The idea is to have something rich and fatty in the fresh cabbage… so maybe a deep fried something… and it should be pretty heavy… so not tofu or batter, maybe something beany, like a falafel ball or kideny bean croquettes (aka kiev)?

  2. Craig

    How about tatter-tots and onion rings?

  3. Inge

    Veggie brats are tasty, I think that would be a fine substitute.

  4. Tots & rings or veggie brats… someone needs to try this stuff out and report back!

    Inge & Ellen – do you remember having sausage & cabbage growing up? or am I the only one?

  5. Craig

    veggie brats, and veggie bacon for that matter, aren’t terrible, but i find that they can fall apart when being used in this fashion. i’ll probably give it a shot anyway.

  6. Eleni

    This recipe reminded me of your post. Although very different, I guess kind of similar in that they’re both warm cabbage salads… Thought some of you would enjoy!

    http://www.101cookbooks.com/archives/tassajara-warm-red-cabbage-salad-recipe.html

  7. Inge

    Yeah, I remember red cabbage and sausage meals that Dad made – always in the cast iron skillet, right? You should do a week of childhood meals on Les Ardoises…I’m thinking: taco night, broc w/ cheese sauce or that pasta with broc and garlic (remember that?), chicken fried steak. I think there was some kind of chicken casserole too, with campbell’s cream of mushroom soup. You could even just do Dad’s fave meal: pinto beans & raw onions & cornbread. And then dare Sunil to take a bite of a raw jalapeno. That’s something Dad would do.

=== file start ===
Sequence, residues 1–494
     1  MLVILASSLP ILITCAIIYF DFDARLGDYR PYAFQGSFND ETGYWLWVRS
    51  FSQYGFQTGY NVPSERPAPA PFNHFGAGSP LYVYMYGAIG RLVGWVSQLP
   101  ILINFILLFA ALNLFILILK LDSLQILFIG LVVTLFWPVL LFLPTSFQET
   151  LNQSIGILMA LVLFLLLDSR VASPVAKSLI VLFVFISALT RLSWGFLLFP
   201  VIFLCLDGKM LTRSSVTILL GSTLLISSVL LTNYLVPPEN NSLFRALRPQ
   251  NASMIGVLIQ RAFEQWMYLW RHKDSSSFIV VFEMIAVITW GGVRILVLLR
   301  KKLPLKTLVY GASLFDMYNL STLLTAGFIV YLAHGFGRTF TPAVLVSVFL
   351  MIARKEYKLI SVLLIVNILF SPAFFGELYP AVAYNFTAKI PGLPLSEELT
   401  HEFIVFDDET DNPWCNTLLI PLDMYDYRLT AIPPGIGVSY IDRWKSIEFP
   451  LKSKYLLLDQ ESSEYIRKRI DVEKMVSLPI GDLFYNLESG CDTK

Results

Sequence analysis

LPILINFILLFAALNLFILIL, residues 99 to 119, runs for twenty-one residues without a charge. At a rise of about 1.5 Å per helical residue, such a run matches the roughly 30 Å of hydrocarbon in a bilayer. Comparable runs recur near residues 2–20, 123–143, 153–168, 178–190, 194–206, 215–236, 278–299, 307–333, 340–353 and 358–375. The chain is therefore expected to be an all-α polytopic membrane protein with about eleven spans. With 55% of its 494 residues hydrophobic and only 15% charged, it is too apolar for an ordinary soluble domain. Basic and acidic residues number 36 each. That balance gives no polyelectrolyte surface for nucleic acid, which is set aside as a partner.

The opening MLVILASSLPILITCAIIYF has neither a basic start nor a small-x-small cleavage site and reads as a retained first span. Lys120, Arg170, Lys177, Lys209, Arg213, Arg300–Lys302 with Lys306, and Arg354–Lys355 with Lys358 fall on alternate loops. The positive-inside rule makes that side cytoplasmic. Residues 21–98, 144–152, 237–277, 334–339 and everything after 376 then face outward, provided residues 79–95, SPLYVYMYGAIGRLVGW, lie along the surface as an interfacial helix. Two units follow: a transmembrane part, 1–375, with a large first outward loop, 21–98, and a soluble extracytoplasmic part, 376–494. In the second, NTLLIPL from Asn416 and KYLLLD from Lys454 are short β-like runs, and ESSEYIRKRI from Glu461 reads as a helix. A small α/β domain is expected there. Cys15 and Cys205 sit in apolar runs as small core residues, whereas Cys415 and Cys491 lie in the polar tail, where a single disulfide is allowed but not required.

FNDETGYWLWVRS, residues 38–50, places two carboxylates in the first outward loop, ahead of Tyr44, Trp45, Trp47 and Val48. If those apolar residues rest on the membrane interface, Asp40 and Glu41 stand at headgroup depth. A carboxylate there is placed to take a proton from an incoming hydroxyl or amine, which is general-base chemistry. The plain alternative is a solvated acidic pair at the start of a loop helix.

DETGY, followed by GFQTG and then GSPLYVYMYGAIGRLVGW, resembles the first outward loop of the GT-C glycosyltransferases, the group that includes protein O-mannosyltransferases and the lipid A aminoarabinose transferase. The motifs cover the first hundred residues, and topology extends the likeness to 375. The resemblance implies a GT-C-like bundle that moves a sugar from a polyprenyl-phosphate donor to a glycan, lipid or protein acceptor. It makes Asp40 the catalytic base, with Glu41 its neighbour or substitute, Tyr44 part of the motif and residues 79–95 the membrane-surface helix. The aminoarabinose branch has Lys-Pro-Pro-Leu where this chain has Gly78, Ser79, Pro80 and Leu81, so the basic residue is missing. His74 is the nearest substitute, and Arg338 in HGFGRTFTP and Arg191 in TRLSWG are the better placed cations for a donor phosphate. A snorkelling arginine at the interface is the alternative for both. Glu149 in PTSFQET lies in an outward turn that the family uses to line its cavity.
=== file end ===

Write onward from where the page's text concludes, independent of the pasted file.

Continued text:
• Chicken broccoli divan!

      Then we can do a week of S childhood meals – I wonder what those would be… pot au feu and chicken tikka? Ratatouille and bartha?

  8. S

    This is traditionally made (and eaten) with Riesling. Though any dry white can work for cooking the dish, I would suggest staying away from Gewurz, as it is too marked/perfumed. Great for drinking, but use something else for cooking the dish! Cheers.

  9. Craig

    OK. I made this tonight in faux-fauxcroute fashion. First, I used Tofurkey bratwursts and Morningstar Farms breakfast sausage patties instead of real pork flesh. Second, I used a cheap Pino Grigio from Giant for my white wine. It was delicious. The prep and cook time was pretty long and I managed to work a pretty good sweat and buzz while cooking it. I also boiled some small red potatoes to go along with it in keeping with traditional standards. And we used horseradish sauce and mustard as accoutrement for the dish. Delicious. So simple, but crazy good. Thanks for the tip!

  10. Awesome! I’m so glad that worked. Horseradish is a great condiment idea. Did you manage to take a picture? Send it along, if you did, and I’ll post it!

  11. Mom

    I’m real curious to hear about your memory of childhood meals Anya!

    • They’re similar to Inge’s… I remember requesting chicken fried steak for birthday meals. I remember big pans of things, like lasagna and chicken divan. And I remember big pots of things (that big pressure cooker bottom), like pasta sauce. Inge has a better memory for these kinds of things. What I remember most is going grocery shopping with you at the Thruway… the overflowing cart, and sometimes even the second cart.